yeah, well.. what can you do.. they thought all those folks would come back if you invested in more coal. But nope. they aren’t coming back. They will never come back. But I’m sure Jeebus will help.

  2. 2
    NotMax says:

    Remembering the predictions of electricity “too cheap to meter” when nuke plants were coming on line.

  3. 3
    Schlemazel says:

    I have a plan for an automated guillotine. It would have a turntable with 6 positions. Two people would strap the intended down at #1, the table would turn a notch. A religious representative (several would be on hand to handle whatever the intended’s particular tastes desired would offer comfort & prayer at #2. #3 would be the stop to record any last words. #4 would give the intended a moment of silence to prepare themselves. At stop #5 the blade would meet the intended. At #6 the table would tip up & deposit the remains in an incinerator so that the spot would be cleared for the next intended.

    I believe this system could handle 4 people a minute so we really need more than one to complete the necessary work in a reasonable time. I want to put up a kickstarter, I need about $50k to build the proof of concept model.

  4. 4
    Brendan in NC says:

    Sounds like us here in NC. Duke Energy’s been storing coal ash improperly for years. The courts finally told them to clean it up.

    So what are they doing? Digging it up, reburning it, and selling the resultant fly ash. While they’re also working hard to get their customers to pay the millions for the cleanup via rate hikes…

  5. 5
    cain says:

    I’m flabbergasted that tax payers are footing the bill for a private company at all. This is ridiculous. Red states, the number one suckers. Even worse, those data centers hardly employ anybody. So it sucks up all these costs but it’s not offset with more labor or workers. Worst decision ever.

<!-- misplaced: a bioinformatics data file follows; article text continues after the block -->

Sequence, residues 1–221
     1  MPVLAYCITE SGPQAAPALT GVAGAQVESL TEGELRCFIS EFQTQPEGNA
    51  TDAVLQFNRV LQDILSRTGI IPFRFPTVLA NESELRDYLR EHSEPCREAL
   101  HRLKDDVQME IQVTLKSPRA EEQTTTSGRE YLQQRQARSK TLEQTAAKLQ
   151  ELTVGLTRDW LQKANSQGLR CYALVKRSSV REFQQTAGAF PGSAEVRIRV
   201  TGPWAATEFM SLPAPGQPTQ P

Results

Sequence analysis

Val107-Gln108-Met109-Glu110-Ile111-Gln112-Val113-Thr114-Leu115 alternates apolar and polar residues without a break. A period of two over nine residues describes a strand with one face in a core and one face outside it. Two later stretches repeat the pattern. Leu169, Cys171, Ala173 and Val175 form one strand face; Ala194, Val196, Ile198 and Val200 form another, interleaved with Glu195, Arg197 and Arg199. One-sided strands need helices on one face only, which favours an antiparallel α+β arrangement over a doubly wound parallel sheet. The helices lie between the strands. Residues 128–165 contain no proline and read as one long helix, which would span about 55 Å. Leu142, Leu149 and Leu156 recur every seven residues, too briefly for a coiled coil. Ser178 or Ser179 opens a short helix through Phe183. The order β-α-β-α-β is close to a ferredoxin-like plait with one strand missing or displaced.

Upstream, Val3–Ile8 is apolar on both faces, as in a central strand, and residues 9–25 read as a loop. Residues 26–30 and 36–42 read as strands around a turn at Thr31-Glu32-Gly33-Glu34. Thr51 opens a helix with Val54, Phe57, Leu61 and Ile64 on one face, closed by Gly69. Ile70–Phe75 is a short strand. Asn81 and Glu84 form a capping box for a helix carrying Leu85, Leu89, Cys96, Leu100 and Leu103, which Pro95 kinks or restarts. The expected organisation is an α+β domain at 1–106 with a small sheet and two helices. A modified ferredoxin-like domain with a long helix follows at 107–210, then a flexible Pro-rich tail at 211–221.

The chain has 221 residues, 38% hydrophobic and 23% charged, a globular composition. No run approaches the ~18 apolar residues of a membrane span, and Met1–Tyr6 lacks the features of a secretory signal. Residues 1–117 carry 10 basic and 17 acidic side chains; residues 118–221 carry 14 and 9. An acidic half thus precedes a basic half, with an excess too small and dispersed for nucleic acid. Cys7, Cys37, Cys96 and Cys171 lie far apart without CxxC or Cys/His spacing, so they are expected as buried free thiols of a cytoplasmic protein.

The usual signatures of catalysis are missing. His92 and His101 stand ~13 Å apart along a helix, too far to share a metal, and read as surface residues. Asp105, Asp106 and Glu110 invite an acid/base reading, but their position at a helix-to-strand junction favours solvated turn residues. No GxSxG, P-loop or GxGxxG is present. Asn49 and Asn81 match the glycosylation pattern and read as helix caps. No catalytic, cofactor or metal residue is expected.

6. 6
    mawado says:

    How do you get energy companies to acknowledge global warming?
    Start charging them for fires. Doesn’t even take a few years to get them to change their tune.

  7. 7
    justawriter says:

    Sigh. That last comment just reminds me of the latest meme going through some conservative infested forums I happen to frequent: that poor widdle conservatives are being victimized by violent liberals. You know, by being unfair and stating facts, which causes their right wing nether regions to shrivel and their lower lips to quiver, and saying you would punch a Nazi, which is Violence with a capital V which makes them the victim and me the big meanie. Meanwhile, being shot by a cop means you shouldn’t have resisted. Double sigh. Assholes.

  8. 8
    cain says:

    As you can see they’ll just pas the costs to us. You need to hit them by allowing a competitor into the city so they have to compete. They will hate that shit more than anything. Force them to share the lines and everything.

  9. 9
    raven says:

    Ah see “The Widow of St. Pierre”!

  10. 10
    Baud says:

    I blame Hillary Clinton.

  11. 11
    Baud says:

    And Bezos didn’t become the richest man in the world by being a sucka.

  12. 12
    MagdaInBlack says:

    I just read the transcript of Trumps “speech” about coal vs wind power.
    Feel free to look it up.
    I’m still unscrambling my brain.

  13. 13
    🇺🇸🌎 Goku (aka Amerikan Baka)  🗳🌷 says:

    I’ll never understand why these stupid fucks thought coal mining was an aspirational lifestyle. Look at what happened to the buggy makers.

  14. 14
    A Ghost To Most says:

    @mawado: Carbon caps and credits.

  15. 15
  16. 16
    Cacti says:

    They got what they voted for.

  17. 17
    different-church-lady says:

    Fuck Amazon, and fuck everybody who has decided they’ll give Bezos all their money as long as they can talk into his stupid puck speaker toy and never leave their house again.